From School Library Journal
Grade 1–5—"Welcome to the Neighborhood" begins this introduction to color theory. Information is divided into seven short chapters, beginning on Color Street where six houses shaped like upward-pointing arrows pop out against a black-and-white background. Primary colors are introduced, and the resulting secondary colors are explained in white text on bright solid-colored pages. Next, monochromatic illustrations accompany simple ideas associated with each color ("Blue is calm. Blue is wet."). Properties such as warmth, saturation, and value are presented with clarity. Finally, the houses on Color Street turn to form the familiar shape of a color wheel, bringing this explanation full circle. While books ranging from Kathleen Westray's A Color Sampler
(Houghton, 1993) to Etienne Delessert's Full Color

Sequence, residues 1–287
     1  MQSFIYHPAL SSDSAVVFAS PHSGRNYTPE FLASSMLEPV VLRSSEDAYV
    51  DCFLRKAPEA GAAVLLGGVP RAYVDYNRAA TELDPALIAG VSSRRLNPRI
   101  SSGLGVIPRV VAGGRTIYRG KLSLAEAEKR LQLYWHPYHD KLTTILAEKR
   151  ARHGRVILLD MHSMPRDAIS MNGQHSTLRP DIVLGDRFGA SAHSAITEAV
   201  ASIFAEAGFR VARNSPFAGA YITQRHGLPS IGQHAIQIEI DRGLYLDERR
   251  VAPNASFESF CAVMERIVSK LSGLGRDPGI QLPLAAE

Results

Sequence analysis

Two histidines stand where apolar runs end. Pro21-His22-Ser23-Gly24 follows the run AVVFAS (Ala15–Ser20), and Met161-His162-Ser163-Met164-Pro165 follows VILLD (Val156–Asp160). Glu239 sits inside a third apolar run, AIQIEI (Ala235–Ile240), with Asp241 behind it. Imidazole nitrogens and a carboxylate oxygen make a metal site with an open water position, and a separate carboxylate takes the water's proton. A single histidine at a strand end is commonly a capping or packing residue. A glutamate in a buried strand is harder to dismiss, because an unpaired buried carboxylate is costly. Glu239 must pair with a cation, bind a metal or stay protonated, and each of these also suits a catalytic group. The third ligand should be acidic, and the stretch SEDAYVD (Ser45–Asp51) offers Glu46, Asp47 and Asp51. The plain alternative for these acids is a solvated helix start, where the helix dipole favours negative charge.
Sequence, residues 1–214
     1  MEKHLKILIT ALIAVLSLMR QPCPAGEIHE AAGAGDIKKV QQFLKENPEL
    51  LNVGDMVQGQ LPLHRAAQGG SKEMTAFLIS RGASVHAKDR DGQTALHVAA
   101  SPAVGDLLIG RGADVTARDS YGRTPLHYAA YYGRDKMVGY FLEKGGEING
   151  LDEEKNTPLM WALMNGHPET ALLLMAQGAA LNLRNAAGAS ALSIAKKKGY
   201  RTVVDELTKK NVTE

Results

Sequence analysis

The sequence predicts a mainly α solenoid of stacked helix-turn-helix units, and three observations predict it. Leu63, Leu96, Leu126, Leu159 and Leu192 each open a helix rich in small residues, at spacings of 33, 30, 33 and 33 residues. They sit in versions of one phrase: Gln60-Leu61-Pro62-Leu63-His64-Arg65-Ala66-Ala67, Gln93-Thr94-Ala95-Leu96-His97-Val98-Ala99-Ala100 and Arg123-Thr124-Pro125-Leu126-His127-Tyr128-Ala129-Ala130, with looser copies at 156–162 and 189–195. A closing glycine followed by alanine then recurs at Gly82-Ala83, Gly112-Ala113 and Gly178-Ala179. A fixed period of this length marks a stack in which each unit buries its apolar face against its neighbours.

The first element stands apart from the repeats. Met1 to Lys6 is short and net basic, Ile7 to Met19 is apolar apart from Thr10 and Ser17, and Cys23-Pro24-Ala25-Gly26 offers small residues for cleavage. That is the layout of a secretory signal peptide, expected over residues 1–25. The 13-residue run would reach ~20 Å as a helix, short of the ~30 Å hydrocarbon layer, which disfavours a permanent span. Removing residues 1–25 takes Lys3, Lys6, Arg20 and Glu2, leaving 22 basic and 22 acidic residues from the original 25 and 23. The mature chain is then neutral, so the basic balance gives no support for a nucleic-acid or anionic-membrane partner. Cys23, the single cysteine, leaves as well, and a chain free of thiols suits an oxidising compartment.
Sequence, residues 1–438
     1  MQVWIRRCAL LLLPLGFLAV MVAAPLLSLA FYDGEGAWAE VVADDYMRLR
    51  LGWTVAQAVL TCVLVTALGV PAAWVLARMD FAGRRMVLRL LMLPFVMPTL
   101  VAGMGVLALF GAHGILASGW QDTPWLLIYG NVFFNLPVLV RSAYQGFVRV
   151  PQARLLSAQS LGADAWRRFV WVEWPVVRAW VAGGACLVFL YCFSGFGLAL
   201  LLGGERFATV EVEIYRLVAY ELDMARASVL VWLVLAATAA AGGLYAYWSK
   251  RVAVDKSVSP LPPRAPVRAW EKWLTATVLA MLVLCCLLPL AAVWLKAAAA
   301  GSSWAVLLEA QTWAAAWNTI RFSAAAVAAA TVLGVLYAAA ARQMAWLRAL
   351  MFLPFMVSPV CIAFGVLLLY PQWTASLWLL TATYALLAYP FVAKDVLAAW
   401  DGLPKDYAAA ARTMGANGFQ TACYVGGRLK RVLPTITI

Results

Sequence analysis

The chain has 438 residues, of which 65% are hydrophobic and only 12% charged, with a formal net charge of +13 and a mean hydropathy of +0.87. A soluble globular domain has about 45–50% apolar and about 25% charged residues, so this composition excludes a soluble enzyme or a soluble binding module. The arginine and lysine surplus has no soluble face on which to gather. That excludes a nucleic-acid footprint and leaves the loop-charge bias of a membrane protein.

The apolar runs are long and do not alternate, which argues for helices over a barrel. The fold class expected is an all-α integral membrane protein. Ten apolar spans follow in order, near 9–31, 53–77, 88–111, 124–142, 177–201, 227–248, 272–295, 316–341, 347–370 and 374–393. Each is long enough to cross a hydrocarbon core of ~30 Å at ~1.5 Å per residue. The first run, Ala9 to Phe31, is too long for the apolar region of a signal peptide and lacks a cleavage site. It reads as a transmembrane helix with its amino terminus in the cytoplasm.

(Creative Editions, 2008) cover similar material, there is still something uniquely appealing about Gonyea's treatment that makes this introduction to color a primary selection.—Lisa Glasscock, Columbine Public Library, Littleton, CO
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Gonyea, the author of A Book about Design: Complicated Doesn’t Make It Good (2005) and Another Book about Design: Complicated Doesn’t Make It Bad (2007), returns to the familiar square format to introduce color theory. Topics presented include primary and secondary colors, warm and cool colors, saturation, and the addition of black and white. In the digital illustrations, simple forms in solid colors stand out sharply against white or other solid-color backgrounds. Though usually short, pithy, and conversational, the text is occasionally ambiguous. Complementary colors are said to “work well together,” while (a few pages later) analogous colors are also said to “work well together,” with little distinction made between the very different ways that these color combinations interact. Although visual rather than verbal content is the selling point here, this attractive volume offers plenty to observe, ponder, and discuss. Classroom teachers and art specialists will find the book a good entry point for discussing basic ideas about colors. Grades 2-5. --Carolyn Phelan